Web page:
Labour Minister Christina Gray watches worker Shawn Mohammed make her donair after speaking with co-owner Adil Asim of Prime Time Donair & Kabab, to discuss recent changes to Alberta's employment standards in downtown Edmonton, January 23, 2018. Ed Kaiser/PostmediaEd Kaiser Ed Kaiser / Ed Kaiser/Postmedia

It won’t go down in Alberta political history as the gaffe on which turned the as-yet-uncalled 2019 provincial election.

But, to my mind, the Rachel Notley government pounded some final nails into its coffin this past Tuesday.

Labour Minister Christina Gray deliberately snubbed an emergency meeting here in Edmonton, called by the Restaurants Canada association and entitled “Restaurant Realities: Raising Our Voice In Alberta.”

Gray was scheduled to speak, alongside opposition party leaders Jason Kenney and Stephen Mandel who did address the restaurant-owner crowd. But Gray’s office informed the organizers the day before that Gray had to attend to a “pressing matter.”

Which was nonsense. Later on Tuesday, Gray said she ducked the event because she considered it an “anti-worker campaign.”


Good Lord, on what planet does this New Democrat government live?

Restaurants Canada has no ideological bent. It is not anti-anybody.

It represents its members, and in Alberta, its members are barely keeping their doors open because of the steady, stifling economic downturn and the current government’s attempt to “improve” working conditions … which has boomeranged in the worst of ways.

It is readily apparent to anybody with half-a-brain that the new pro-labour policies introduced by the New Democratic government have not worked.

The $15-an-hour minimum wage, holiday pay for hours not worked, and higher employer WCB premiums have not enabled “servers to put dinner on their own table,” as the labour minister so righteously claims.

The new policies have led to the loss of 10,000 Alberta jobs as the industry downsizes because of lower revenues and higher government-imposed labour costs.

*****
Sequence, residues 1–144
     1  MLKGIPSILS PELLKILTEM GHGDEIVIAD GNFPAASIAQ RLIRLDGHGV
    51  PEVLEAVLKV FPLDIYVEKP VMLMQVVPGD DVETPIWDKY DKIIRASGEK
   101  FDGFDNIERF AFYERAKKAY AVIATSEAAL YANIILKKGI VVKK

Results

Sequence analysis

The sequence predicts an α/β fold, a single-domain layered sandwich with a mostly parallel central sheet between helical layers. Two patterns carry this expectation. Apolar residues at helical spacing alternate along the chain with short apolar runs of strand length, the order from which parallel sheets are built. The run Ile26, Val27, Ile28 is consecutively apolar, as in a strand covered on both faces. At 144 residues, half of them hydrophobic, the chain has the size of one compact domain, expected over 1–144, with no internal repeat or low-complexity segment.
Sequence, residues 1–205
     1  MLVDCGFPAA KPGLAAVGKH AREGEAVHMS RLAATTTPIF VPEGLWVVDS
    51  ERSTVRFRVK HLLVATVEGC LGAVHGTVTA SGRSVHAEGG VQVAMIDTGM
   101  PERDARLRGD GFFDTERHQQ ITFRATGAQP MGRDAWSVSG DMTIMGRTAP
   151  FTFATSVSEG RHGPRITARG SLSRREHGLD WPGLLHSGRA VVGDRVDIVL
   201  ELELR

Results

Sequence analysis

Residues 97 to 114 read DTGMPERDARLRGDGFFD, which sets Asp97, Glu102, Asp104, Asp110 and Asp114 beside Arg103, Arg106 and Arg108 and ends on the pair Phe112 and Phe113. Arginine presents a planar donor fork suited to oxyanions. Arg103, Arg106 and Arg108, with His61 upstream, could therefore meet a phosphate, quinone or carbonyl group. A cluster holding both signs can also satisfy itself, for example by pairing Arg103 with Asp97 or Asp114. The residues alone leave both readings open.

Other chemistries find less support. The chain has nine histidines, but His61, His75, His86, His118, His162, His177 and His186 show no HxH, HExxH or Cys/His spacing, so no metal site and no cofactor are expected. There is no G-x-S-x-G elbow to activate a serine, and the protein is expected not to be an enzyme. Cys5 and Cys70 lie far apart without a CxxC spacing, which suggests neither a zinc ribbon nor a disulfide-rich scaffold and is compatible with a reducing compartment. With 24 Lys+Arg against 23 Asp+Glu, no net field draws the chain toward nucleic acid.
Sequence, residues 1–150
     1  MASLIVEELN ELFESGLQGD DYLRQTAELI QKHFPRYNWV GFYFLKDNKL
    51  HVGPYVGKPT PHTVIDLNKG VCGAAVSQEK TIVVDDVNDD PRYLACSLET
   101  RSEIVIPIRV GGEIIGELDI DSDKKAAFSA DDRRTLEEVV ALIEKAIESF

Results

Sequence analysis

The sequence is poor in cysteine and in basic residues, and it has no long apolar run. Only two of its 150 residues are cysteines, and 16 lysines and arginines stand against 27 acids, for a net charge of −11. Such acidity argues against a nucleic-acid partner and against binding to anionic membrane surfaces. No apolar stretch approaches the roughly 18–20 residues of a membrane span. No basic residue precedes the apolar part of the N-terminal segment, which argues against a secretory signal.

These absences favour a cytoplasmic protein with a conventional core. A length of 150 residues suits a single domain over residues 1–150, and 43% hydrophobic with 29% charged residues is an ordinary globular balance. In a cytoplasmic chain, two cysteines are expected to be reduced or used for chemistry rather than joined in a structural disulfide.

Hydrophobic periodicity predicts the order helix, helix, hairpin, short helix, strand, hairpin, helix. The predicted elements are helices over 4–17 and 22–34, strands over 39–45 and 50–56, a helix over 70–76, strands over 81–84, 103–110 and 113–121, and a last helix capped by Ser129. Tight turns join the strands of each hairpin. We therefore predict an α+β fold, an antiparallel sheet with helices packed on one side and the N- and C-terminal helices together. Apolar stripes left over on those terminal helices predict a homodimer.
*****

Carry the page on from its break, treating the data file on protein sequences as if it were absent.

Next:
Other Canadian provinces and American states, while increasing minimum wage levels, have realistically maintained a  lower “alcohol servers’ wage” which recognizes the fact that tips add $10 to $30 an hour to the pay of servers bringing beers to thirsty customers.

And, recognizing that teenagers are: A) not supporting families and; B) are usually learning on the job, other governments have a lower “teen” wage.

To our New Democrats, all workers are equal. All deserved a rapid raise in the minimum wage from $10 to $15 an hour, no matter their cash tips … of which Revenue Canada need not know the entire amount, right?

Now perhaps those evil restaurant owners, determined to exploit their staff at every turn, could have absorbed these government-imposed cost increases in a buoyant economy.

But everybody in these parts, besides this government, recognizes we’re mired in a long-term, sluggish economy. Gross restaurant receipts are down. Government “workers rights” policies are driving costs up.

Are more jobs being created in the restaurant industry thanks to ND policies? Are you kidding?

Here’s the result of the NDs’ effort to bring social and economic justice to the working class:

• Workshop Eatery owner/chef Paul Shufelt, in his weekly Edmonton Sun column, has fully detailed the costs of running a restaurant in today’s economy and with the new labour regulations. His well-documented conclusion — restaurants are either seriously losing money, or barely breaking even.

• Patrick Saurette of The Marc restaurant, a most reasonable fellow, respected and liked by all, used a colourful but most accurate analogy. Alberta’s new labour reforms, he said, are “a foot on the throats” of restaurant owners already downed by dwindling revenues.

This meeting, to me, personified how out of touch this government is with the real world, how naive and now cynical. It overlooked and now deliberately ignores the unintended and most miserable consequences this legislation has bought upon the average restaurant worker.

To compensate for rising food, labour and operating costs, Alberta restaurants raised their menu prices by an average six per cent in the fall of 2018. While hiking gross receipts to record levels, the price increase, says Restaurants Canada chairman Saurette, was not enough to offset steadily shrinking profit margins.

Jobs have been slashed. Teenagers can’t find work. Professional life-long servers have seen their incomes fall, not rise. Employers can’t afford to help special-needs employees.

Because of overly onerous regulation and labour laws, restaurants are closing. Jobs are not improving, they are vanishing.

And yet this cowardly labour minister refuses to show up, content to sniffle about a fictitious, conspiratorial “anti-worker” campaign.

This government has done a few good things:  Its desire to preserve green spaces and some of its economic development policies are to be lauded.

Overall, this restaurant crisis is yet another example of its naive misunderstanding of how the Alberta economy works.

Prosperity and social well-being are not created by the nanny state and its endless borrowing, but by risk-takers working within supportive government frameworks.

Entrepreneurial necks are being squished by this government’s heavy foot, causing disastrous consequences.

Let judgement be passed. This provincial election can’t come soon enough.

(Regular Hicks on Biz programming was interrupted by this extraordinary business story. Next week, Part II of my series on the Edmonton International Airport as the region’s most successful economic generator:  Growing air-cargo.)